Working paper

Navigating the treacherous political economy of structural reform

In setting economic policy, politicians should pay attention to the latest economic data and to when they next need to face voters at the polls

Publishing date
27 May 2024

We examine the economic and electoral effects of liberalisation measures using newly-constructed databases on structural economic reforms and the outcome of democratic elections since the 1970s. The data shows a remarkable slowdown in the pace of liberalisation in both advanced and emerging market and developing countries since the 1990s. A debate has emerged about the causes of this slowdown, including the possibility that reforms do not deliver the economic benefits that advocates, including the multilateral financial institutions, trumpeted. Some have pointed to the fact that the current and previous United States administrations have abandoned neoliberal policies in favour of more government intervention in the economy, and the effect has been globally contagious.

Our empirical analysis suggests that the growth dividend from liberalisation is economically and statistically significant, but it emerges only slowly over time. Because of this delay, liberalising reforms are costly to democratic incumbents when they are implemented close to elections. Reforms may generate immediate concentrated losses, which elicit an electoral backlash, especially when the aggregate gains are only visible several years after the reform’s implementation. The electoral penalty is also sensitive to overall business-cycle conditions, being much larger when an economy is in recession. Electoral effects also differ depending on the type of reform. Notably, financial reforms generate more perceptible growth-equity trade-offs than real-economy reforms, especially when implemented during weak economic conditions.

The political economy of reform is treacherous. To avoid adverse electoral effects, timing reform early in the electoral term and when business-cycle conditions are favourable is critical. So too is avoiding reforms that generate large distributional costs in the face of small aggregate gains (an adverse growth-equity trade-off). Focusing on these considerations is critical to reinvigorate support for structural reform.

About the authors

  • Davide Furceri

  • Jonathan Ostry

    Jonathan D. Ostry is a non-resident fellow at Bruegel, as well as Professor of the Practice of Economics at Georgetown University in Washington, DC; he is also a Research Fellow at the Center for Economic Policy Research in London and serves on the advisory board of the World Economic Forum's Global Risk Report in Geneva. Prior to his appointment at Georgetown, he served at the International Monetary Fund in senior roles, including as Deputy Director of the Research Department and Acting Director of the Asia and Pacific Department. Professor Ostry received his PhD in Economics from the University of Chicago, an MSc from the London School of Economics, and a BA in PPE from Oxford University.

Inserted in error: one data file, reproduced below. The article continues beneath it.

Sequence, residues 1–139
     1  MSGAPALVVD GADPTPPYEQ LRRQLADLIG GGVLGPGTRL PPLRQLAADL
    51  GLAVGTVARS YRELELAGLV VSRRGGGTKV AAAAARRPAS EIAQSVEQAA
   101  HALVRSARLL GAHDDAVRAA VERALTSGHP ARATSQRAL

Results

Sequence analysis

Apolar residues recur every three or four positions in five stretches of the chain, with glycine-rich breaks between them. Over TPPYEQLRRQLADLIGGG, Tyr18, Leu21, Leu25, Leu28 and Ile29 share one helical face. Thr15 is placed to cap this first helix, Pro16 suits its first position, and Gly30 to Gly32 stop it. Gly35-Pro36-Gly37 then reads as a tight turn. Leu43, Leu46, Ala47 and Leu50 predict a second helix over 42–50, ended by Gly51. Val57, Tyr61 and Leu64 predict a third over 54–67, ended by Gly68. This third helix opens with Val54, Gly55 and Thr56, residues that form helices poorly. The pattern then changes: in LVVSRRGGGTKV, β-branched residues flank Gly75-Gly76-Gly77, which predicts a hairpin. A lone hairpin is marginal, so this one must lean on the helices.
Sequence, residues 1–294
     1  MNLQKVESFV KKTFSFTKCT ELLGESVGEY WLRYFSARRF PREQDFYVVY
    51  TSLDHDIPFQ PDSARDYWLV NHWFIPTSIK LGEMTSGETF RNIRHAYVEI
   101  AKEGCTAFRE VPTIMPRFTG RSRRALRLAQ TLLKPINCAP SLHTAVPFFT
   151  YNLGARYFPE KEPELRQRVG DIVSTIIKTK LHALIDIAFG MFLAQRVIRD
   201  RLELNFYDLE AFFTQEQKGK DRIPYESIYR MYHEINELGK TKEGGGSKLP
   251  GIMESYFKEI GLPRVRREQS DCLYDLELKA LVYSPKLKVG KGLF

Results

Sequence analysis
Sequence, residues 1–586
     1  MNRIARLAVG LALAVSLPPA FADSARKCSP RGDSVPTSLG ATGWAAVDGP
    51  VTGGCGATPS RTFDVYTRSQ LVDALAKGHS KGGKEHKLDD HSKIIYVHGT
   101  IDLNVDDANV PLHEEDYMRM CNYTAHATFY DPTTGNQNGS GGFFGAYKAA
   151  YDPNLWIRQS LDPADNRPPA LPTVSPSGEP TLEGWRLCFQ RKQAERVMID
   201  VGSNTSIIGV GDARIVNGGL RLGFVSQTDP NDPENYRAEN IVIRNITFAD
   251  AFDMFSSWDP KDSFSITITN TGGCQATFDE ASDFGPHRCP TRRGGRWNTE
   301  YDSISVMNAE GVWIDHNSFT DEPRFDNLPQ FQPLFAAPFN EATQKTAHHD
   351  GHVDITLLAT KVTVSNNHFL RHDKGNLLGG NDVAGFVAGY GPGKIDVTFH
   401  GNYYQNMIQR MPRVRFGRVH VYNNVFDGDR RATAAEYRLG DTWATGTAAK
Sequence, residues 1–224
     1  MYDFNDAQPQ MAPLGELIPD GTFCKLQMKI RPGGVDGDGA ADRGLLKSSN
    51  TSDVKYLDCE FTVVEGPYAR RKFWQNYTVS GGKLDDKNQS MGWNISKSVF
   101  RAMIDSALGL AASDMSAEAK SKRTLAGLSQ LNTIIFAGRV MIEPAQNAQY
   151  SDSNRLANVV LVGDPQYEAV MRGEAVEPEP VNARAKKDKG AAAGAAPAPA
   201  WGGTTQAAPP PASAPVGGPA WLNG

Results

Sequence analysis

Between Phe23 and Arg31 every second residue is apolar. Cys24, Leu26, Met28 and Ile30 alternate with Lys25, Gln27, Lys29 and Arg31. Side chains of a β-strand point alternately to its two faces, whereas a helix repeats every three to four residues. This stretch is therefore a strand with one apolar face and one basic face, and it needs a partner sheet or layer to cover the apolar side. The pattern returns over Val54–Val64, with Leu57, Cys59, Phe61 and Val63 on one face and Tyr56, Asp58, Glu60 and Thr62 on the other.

Professor Ostry’s recent academic and policy work has focused on the management of international capital flows; this work has been influential in bringing about a shift in the institutional position of the IMF on capital controls. Ostry has also published influential studies on the relationship between income inequality and economic growth, where his work suggests that high income inequality and a failure to sustain economic growth may be two sides of the same coin. Ostry’s work has also focused on the issue of fiscal sustainability, and in particular on the role of a country’s track record of fiscal management in determining access to international capital markets. This work is used by the main credit rating agencies for their sovereign credit rating analysis.

    Professor Ostry is a highly cited economist in scholarly journals (ranked in the top 1 percent of economists worldwide over the past ten years, according to RePEc), and his writings have featured prominently in the financial press (the Economist, the Financial Times, the New York Times, the Washington Post, the Wall Street Journal, Bloomberg, Time, Forbes, Fortune, CNBC, NPR, and the BBC). Earlier in his career, Ostry led the team at the IMF that produces its flagship publication, the World Economic Outlook, and was mission chief for Japan. His recent books include Taming the Tide of Capital Flows (MIT Press, 2018) and Confronting Inequality (Columbia University Press, 2019).

  • Chris Papageorgiou

  • Dennis P. Quinn

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